Jon Boeckenstedt, a DePaul University official, tries a virtual campus tour device from YouVisit. Admissions counselors and recruiters looked at new technology during an annual admissions convention in Indianapolis. (ALAN PETERSIME/For The Washington Post)

Every year, high school students stress over whether they’ll get into their top-choice college. But this week, college admission officers from across the country are gathered here to contemplate their own big worries.

Will students choose them? Will students even find them?

The 70th annual convention of the National Association for College Admission Counseling brought together 6,000 professional matchmakers from colleges, high schools and private companies in the field. Many of them are grappling with a technological revolution in how students search for colleges, an upheaval with huge implications for recruiting.

Consider DePaul University in Chicago, the nation’s largest Catholic University, with about 24,000 students. Jon Boecken­stedt, 55, associate vice president for enrollment management and marketing, is paid to keep students coming in the door.

Every cycle starts with a list of perhaps 300,000 to 350,000 names and addresses of students who might be interested in what DePaul offers: a diverse research university in the heart of a big city. Boeckenstedt buys these leads from the ACT and College Board testing organizations as well as a company called Cappex, which helps students manage their college search.

DePaul sends these prospects information and waits for replies. “It’s like me saying, ‘Do you want to go on a date?’ ” Boeckenstedt said Friday. Perhaps 50,000 to 60,000 express interest through the mass-mail outreach or other avenues. These, he said, equate to “Maybes.”

About 20,000 end up applying. “A date,” Boeckenstedt said.

About 12,500 get offers. “Proposals.”

About 2,500 accept. “Marriage.”

With variations, this scenario unfolds annually for selective colleges and universities. But schools face peril at every step of the way in a fluid and highly competitive market. Their “maybes” might fall short — a concern. Their “dates” might fall short — a bigger worry. If their “marriage” count — enrollment — falls short, then colleges face major trouble because tuition revenue pays most of their bills.

“You need cash to run the business,” Boeckenstedt said. “That’s always, always been true. That’s never not been true.”

So every year, Boeckenstedt and his peers are looking for new tools to ensure a steady flow of recruits. Enter entrepreneurs such as Abi Mandelbaum.

The chief executive of YouVisit, a Web platform for virtual tours, Mandelbaum was one of scores of vendors in an exhibit hall at the Indiana Convention Center. He told Boeckenstedt that he could put together an interactive video package to help DePaul show off its campus via the Web for a price starting at $3,000.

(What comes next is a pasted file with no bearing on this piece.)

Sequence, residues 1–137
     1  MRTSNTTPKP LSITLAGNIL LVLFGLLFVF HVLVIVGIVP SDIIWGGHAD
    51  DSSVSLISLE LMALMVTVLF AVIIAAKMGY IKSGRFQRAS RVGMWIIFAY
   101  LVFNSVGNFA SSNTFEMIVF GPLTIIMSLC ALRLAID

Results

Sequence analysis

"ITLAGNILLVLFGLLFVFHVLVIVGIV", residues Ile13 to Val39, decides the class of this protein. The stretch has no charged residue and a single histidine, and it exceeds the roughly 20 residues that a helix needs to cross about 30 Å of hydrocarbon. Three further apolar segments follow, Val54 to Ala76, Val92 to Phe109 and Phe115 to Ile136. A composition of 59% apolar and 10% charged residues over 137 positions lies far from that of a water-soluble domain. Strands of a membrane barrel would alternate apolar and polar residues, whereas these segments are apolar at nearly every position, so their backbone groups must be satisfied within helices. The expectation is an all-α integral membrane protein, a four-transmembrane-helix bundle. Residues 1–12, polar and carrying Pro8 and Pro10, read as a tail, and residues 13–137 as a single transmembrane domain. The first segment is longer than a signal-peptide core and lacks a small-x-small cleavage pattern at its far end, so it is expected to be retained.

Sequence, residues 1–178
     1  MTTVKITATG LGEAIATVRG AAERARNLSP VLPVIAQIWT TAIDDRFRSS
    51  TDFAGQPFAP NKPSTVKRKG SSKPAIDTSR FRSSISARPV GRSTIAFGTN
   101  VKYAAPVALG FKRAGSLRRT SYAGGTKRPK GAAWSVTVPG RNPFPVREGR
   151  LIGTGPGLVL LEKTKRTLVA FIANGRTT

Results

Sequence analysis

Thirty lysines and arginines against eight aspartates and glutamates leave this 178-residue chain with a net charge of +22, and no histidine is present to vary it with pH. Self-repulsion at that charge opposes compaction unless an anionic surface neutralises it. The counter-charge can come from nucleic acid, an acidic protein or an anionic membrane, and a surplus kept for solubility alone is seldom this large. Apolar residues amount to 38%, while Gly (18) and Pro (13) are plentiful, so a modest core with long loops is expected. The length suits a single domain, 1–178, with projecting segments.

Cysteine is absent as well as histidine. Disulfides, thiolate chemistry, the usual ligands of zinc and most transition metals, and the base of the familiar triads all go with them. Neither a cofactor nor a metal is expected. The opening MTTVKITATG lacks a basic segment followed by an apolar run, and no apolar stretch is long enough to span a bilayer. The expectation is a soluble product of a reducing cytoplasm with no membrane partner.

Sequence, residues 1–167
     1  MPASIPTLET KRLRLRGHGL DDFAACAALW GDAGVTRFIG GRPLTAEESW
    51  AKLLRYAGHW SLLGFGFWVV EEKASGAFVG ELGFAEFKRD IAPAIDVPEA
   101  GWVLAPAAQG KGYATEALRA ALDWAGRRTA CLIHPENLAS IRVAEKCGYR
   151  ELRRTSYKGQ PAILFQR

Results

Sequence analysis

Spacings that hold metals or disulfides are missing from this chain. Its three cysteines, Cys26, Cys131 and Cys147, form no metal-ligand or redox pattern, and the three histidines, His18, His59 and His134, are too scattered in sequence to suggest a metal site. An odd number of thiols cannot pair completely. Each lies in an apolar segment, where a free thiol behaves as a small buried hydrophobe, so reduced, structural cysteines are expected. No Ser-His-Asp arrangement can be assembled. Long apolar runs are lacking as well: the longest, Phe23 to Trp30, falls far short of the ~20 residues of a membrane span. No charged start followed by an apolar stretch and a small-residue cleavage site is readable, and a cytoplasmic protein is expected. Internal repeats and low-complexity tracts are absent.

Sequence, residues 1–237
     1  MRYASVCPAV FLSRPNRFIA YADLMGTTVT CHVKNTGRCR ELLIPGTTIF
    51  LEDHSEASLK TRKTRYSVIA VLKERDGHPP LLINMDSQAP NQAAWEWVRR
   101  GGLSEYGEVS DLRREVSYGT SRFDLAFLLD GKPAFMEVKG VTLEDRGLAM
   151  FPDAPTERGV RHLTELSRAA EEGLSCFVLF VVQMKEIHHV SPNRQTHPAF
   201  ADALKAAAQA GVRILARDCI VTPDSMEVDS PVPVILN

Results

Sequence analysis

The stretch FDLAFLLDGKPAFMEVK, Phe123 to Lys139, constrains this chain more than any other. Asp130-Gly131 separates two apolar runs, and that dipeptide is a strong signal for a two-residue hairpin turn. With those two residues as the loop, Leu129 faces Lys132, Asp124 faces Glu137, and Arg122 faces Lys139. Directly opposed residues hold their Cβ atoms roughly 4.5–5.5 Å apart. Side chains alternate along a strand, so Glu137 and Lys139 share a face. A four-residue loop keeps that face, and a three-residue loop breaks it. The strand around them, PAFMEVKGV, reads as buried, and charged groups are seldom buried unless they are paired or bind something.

Mandelbaum said his site offers virtual tours of about 1,000 colleges, including big names such as Dartmouth College and Yale University. The idea is to enable students to scope out a campus in detail without having to drive or fly there. That helps them narrow a search.

Plenty of other tech-driven ventures were on display. There was Chegg, which owns the Web site, a competitor of Cappex. Both companies sell names of students who are interested in specific schools, a potentially valuable pool of leads.

There was Niche, which owns a Web site of the same name that used to be called College Prowler. “We survey students at all the colleges,” said Mark Tressler, vice president for business development. “They tell us what it’s like — housing, academics, the meal plans. Basically, we’re a Yelp for major life decisions.”

There was PrepTalk, which helps recruiters connect with students through webcasting, in one-on-one sessions or one-to-1,000. Katie McDonald, chief operating officer, said some students will stay with the webcasts for 45 minutes at a time. “Which for a 17- or 18-year-old is not bad,” she said.

And there was CollegeWeekLive, which hosts live chats with prospective students and admission officers. The premise behind these and other ventures is to use the means of communication that prospective students favor — smartphones and tablet computers — to influence what might be one of their most important decisions in life.

That is a difficult technological leap for many colleges that are accustomed to recruiting the old way, through relationships with high schools, reliance on brand names and mass mailing to prospective students.

“We’re in massive flux in terms of what’s going on in higher education,” said Robert Rosenbloom, president and chief executive of CollegeWeekLive. Many schools, he said, “don’t have the necessary marketing skills and technological skills to really meet the students where they are.”

Boeckenstedt, a 32-year veteran of college admissions, is somewhat unusual among his peers. He relishes demographic data, disdains the popular obsession with ultra-selective colleges and tries to keep pace with technological changes. He said he counts himself among the fortunate in his field, because he has never felt pressure from his superiors to raise DePaul’s applicant total for the sake of appearing to be more selective.

“Not once in 12 years has anyone ever asked me that,” he said.